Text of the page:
I met the world of working dead lawyers right after the Great Recession of 2007-2008. In a stroke of exquisitely bad timing, I left my law practice to start a new venture at the start of 2007. The project bombed, and I was at loose ends. I attended a bar association career change/job search meeting where we did one of those speed-dating things where you meet everybody. It was an eye-opener. Here were all these amazing people — bright, personable, articulate, with wide interests and a desire to serve — but they didn’t see themselves that way. Instead, they saw themselves as victims, helpless, hopeless.

I raced home and sketched out a workshop to help them discover who they really were. I’d never done a workshop like that before, but the ideas poured in, and I wrote them down in a white heat. A couple hours later, I fired off a proposal to the bar association. Weeks later I got an email:  “How’d you like to do your program over lunch next Tuesday? We’ll provide the pizza.” They put a blurb in a monthly newsletter, and 40 people showed up. I’ll never forget standing in front and looking into 40 pairs of empty eyes. The lights were on but nobody was home — or in some cases, the lights weren’t even on, and apparently hadn’t been for a long time.

The workshop morphed into a traveling Continuing Legal Education road show. The promoter called it “Beyond Burnout: Find Your Passion in the Law,” but then quickly added “Or Out of the Law.” Best intentions aside, most attendees wanted out. Of the hundreds of heartfelt evaluations I collected, the following was by far in the minority:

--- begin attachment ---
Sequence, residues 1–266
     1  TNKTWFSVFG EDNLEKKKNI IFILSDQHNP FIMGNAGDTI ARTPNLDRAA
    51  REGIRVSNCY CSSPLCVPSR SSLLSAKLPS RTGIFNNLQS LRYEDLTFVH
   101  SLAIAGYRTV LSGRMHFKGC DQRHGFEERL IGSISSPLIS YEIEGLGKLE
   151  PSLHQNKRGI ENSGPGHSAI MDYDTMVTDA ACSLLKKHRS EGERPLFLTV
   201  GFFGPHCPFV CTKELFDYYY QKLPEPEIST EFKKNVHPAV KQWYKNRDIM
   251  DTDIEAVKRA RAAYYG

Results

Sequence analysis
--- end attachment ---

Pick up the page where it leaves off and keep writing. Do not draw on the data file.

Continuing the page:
I knew I was fairly happy in my career, but I took this CLE because it sounded more interesting than the traditional practice area CLEs. In working through the exercises, I met some amazing people and realized just how truly blessed I am to be currently working in a job that I love. This workshop got me excited to build my business to an even bigger level — it reignited the passion!

“Reignited” meant the writer had the passion, and knew it. I said earlier you know it if you’ve got it. Next time, we’ll talk about what that feels like — kinda like falling in love, actually.

[1] In its defense, OSH is in the business of making sure workers are engaged at leaqst enough not tyo hurt themselves or others — a pretty low standard when it comes to passion. Here’s its mission:  “OSHwiki has been developed by EU-OSHA, to enable the sharing of occupational safety and health (OSH) knowledge, information and best practices, in order to support government, industry and employee organisations in ensuring safety and health at the workplace.”

[2] Quoting a 1990 Academy of Management Journal article.

If you like Kevin Rhodes’s posts, you might enjoy his new Iconoclast.blog, which focuses on several themes that have appeared in this blog over the years, such as how belief creates culture and culture creates behavior, and why growth and change are difficult but doable. You can also follow Iconoclast.blog on Facebook.

Colorado Court of Appeals: BAA Did Not Err in Determining Contiguous Parcel was “Vacant Land”

The Colorado Court of Appeals issued its opinion in Martin Trust v. Board of County Commissioners on Thursday, February 7, 2019.

Taxation—Property Tax—Residential Property—Vacant Land.